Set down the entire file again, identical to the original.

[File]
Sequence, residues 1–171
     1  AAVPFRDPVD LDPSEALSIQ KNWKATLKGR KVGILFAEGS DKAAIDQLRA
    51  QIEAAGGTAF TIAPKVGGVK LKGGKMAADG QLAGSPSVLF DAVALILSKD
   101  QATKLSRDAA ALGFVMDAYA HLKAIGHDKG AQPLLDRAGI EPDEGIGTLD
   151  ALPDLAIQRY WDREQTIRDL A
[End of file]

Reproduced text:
Sequence, residues 1–171
     1  AAVPFRDPVD LDPSEALSIQ KNWKATLKGR KVGILFAEGS DKAAIDQLRA
    51  QIEAAGGTAF TIAPKVGGVK LKGGKMAADG QLAGSPSVLF DAVALILSKD
   101  QATKLSRDAA ALGFVMDAYA HLKAIGHDKG AQPLLDRAGI EPDEGIGTLD
   151  ALPDLAIQRY WDREQTIRDL A